Barbara Tate is an award winning artist and writer of Native American descent.  In 2015, she was awarded 2nd place in United Haiku & Tanka Society's Samurai Haibun Competition; a finalist in United Poet Laureate International Alexender Fui Sak Chang Award for short free verse in Chinese or English; 1st place in Gulf Coast Writers Assoc. Competition (Poetry Category) and had 2 poems chosen as finalists in Poetry Society of Tennessee NE; and won Best Poem Award in January Poet's Digest.  Her work has appeared in Modern Haiku, Contemporary Haiku Online, Frogpond, Cattails, Bear Creek Haiku, The Heron's Nest, Santa Fe Literary Review, Storyteller Magazine, Iconoclast and Switch (The Difference) Anthology.  She is a member of Gulf Coast Writers Assoc., Haiku Society of America, and the United Haiku & Tanka Society.  She currently resides in Winchester, TN.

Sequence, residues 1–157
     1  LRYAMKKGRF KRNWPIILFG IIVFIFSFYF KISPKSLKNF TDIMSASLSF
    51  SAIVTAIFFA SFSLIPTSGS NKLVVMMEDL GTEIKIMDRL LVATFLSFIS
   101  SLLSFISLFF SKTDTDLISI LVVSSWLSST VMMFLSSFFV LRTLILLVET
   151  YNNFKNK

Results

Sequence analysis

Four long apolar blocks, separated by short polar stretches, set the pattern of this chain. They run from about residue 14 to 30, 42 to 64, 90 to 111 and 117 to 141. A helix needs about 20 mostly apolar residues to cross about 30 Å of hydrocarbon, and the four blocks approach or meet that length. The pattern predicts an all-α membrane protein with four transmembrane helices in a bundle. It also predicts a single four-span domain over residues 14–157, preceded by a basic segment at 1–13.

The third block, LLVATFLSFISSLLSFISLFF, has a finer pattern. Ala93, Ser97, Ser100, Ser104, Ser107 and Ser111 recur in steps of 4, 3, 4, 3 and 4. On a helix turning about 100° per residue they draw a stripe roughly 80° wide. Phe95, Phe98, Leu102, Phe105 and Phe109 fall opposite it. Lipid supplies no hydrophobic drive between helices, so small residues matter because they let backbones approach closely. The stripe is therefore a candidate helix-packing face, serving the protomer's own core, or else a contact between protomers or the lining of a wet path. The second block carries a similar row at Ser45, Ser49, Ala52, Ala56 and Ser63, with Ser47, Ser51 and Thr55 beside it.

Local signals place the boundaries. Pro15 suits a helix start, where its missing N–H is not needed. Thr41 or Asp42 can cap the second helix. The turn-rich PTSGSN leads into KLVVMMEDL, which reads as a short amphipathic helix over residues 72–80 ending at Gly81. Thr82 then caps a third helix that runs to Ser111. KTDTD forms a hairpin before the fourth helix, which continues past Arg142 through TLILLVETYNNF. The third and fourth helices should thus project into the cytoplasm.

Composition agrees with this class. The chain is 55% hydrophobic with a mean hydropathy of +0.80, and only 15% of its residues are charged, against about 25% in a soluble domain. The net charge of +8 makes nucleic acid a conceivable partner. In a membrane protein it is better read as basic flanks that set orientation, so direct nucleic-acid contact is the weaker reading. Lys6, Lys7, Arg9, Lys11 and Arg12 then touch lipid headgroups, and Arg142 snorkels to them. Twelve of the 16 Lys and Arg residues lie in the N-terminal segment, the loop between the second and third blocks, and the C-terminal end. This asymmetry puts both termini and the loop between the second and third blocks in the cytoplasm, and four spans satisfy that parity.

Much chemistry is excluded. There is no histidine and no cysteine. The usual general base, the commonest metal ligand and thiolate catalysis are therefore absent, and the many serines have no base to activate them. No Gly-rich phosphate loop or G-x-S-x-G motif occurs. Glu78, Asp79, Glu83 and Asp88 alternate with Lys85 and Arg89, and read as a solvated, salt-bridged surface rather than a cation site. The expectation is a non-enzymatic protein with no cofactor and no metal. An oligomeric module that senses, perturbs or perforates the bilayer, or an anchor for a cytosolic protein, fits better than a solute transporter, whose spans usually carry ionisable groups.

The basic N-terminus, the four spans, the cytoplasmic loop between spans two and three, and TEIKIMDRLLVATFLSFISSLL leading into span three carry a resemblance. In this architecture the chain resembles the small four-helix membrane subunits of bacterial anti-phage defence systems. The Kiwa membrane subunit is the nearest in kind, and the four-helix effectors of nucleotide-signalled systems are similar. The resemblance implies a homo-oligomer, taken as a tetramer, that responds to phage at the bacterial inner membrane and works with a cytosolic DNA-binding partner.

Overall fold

Thursday, August 20, 2015

Two Poems by James Sanchez

A branch floating in the ether
Dead, barren
A cry filters through melancholy
Ripples like ribbons of flesh
The descent steeper near the end
Smiles wane
Waxy memories
Specks of ash
Evil raises fingerprints
A song hangs on to memory
Laundry across thought lines
Standing across from your mirror
Face chiseled by hard fought answers
Morals, proverbs fail
Babies bounced off gravel roads
Insight honed on deception
Perception clouded by intent

The vines crisscross his face
Lattice work of lust
Pollen drips down a throat scuffed by lies
Love handled delicately
Saffron fingerprints dust her clever mouth
Witty words mean nothing to you
Fallow shallow hollow